The Remix Stage

Going Beyond Natural Sound Part 8

The Remix Stage

When I’m recording, the reverb chamber is one of my primary considerations. In tracking, even though usually I won’t print reverb on tape, it is important for foldback and control room listening. The EMT 140 plate used for tracking at Monterey Studios had a nice, bright sound to it. The reverb I wanted to use for the final mix, however, was at Sound City. Their EMT140 sounds just great, plus they have an AMS RMX16 digital reverb that would give me the sound tapestry I needed for the final mix, which was to half-inch at 30 i.p.s.

 

I wanted to recreate concert hall type echoes, bathing the listener in the sound; what I refer to as the “ear over a full stick.” While each tune needed a different approach, our basic concept was to use a slap pre-chamber delay for guitar sounds; drums and bass in short echo; and horns and synthesizer in long echoes. Time delay values to suit musical tempos were not worked out beforehand. (But I would refer the reader interested in calculating exact delay times to the article, “Creative use of Delay Rhythms,” by Roman Olearczuk; Re/p February 1982 issue, page 68.) My method was not hit or miss, but by how it sounded in the mix as the delay related to a song’s tempo. I would never mix a pop record this way, since the use of carefully worked out delay rhythms is critical in the production of such recordings.

 

In assembling the album, we used two techniques to sequence: a segue fade-out at the end of a tune, by leaving the echo in and fading the musical information by five dB; and the other was the well-known butt splice. Two other techniques that considered, but did not use, were the dead stop, reverse envelope and fading, using two tape machines to fade one tune into another.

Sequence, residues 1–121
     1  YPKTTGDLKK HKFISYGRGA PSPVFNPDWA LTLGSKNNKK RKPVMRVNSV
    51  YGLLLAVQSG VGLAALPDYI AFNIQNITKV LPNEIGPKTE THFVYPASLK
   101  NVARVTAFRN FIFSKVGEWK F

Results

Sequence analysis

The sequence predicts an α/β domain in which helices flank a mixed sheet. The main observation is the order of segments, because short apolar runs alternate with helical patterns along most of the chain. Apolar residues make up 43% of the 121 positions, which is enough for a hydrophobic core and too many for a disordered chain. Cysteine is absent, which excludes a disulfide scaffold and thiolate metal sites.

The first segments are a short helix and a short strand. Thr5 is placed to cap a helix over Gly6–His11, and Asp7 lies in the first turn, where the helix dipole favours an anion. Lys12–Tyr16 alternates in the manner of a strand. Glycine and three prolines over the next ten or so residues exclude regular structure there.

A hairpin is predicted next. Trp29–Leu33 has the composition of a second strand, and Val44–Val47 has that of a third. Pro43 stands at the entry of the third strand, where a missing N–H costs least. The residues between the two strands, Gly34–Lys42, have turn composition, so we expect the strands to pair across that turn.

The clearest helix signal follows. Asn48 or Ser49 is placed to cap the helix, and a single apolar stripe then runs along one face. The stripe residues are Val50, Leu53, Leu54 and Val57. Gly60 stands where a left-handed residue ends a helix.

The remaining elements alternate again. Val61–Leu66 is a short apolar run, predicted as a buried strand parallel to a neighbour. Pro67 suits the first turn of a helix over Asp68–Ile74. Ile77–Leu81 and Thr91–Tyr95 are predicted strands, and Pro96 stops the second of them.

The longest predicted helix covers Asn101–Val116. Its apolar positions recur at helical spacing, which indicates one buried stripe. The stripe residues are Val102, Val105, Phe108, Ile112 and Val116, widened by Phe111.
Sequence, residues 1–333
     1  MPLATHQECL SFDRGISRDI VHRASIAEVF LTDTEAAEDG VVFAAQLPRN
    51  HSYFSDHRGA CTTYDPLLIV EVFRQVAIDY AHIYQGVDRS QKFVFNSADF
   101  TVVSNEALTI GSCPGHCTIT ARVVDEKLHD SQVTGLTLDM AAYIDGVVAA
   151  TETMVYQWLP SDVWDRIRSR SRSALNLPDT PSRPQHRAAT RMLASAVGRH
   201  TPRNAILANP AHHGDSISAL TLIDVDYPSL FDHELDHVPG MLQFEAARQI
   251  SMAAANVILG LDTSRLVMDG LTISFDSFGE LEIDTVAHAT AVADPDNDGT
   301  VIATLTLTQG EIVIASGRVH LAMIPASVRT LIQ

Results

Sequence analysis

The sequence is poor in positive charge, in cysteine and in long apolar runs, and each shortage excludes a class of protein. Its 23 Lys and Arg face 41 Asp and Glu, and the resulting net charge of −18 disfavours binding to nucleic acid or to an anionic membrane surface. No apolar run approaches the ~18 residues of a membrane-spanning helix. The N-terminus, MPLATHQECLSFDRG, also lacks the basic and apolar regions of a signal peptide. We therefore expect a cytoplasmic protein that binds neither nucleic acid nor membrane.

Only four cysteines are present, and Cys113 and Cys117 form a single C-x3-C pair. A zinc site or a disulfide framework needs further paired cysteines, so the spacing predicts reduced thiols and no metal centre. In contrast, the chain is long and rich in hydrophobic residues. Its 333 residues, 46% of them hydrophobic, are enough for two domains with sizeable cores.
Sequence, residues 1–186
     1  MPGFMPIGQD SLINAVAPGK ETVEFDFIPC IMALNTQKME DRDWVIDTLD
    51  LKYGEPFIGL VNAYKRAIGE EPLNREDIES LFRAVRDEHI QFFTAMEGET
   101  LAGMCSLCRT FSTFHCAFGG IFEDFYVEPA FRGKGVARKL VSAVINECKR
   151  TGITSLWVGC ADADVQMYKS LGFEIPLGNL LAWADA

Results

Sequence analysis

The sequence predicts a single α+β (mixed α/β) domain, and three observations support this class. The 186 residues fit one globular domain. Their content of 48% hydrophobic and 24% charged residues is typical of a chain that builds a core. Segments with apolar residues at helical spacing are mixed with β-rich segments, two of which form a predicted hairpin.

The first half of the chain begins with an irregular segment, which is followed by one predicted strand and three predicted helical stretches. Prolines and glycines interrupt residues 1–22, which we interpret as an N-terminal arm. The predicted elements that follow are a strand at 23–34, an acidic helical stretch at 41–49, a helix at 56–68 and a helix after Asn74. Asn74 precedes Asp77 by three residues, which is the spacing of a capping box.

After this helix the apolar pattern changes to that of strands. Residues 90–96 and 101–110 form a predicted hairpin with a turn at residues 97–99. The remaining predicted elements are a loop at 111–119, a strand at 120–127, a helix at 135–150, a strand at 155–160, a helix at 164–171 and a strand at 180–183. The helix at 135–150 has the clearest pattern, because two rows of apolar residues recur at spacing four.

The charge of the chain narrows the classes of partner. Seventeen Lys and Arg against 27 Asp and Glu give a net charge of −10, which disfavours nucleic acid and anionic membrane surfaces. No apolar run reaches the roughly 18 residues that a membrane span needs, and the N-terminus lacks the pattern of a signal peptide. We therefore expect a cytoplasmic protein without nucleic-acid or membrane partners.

We were trying to frame a jazz performance with the kind of clarity and definition that’s available with current technology, and I think we succeeded. The miking techniques we used were pretty common; there’s no magic involved, Mike placement has a lot to do with it, but getting a good performance from the musicians, to me, has everything to do with the final product. Also, once a musician feels confident that their work is going to be represented properly, they will give you that performance.

These and other ideas formed out concept for putting together the whole package. What we attempted to do was to capture something for the listener – you might call it “ear candy.” My intention was to frame the instrument in such a way that it is presented to the listener as though he or she was actually part of the recording process. I tried to achieve a sound texture that is at once a performance, but also sounds as if it had been performed in a large hall.

 

Understanding natural sounds will become more important in the years to come . Blending them with today’s synthesized sounds will form the corner stone for the production of great sounding records – the ability to go beyond natural sound.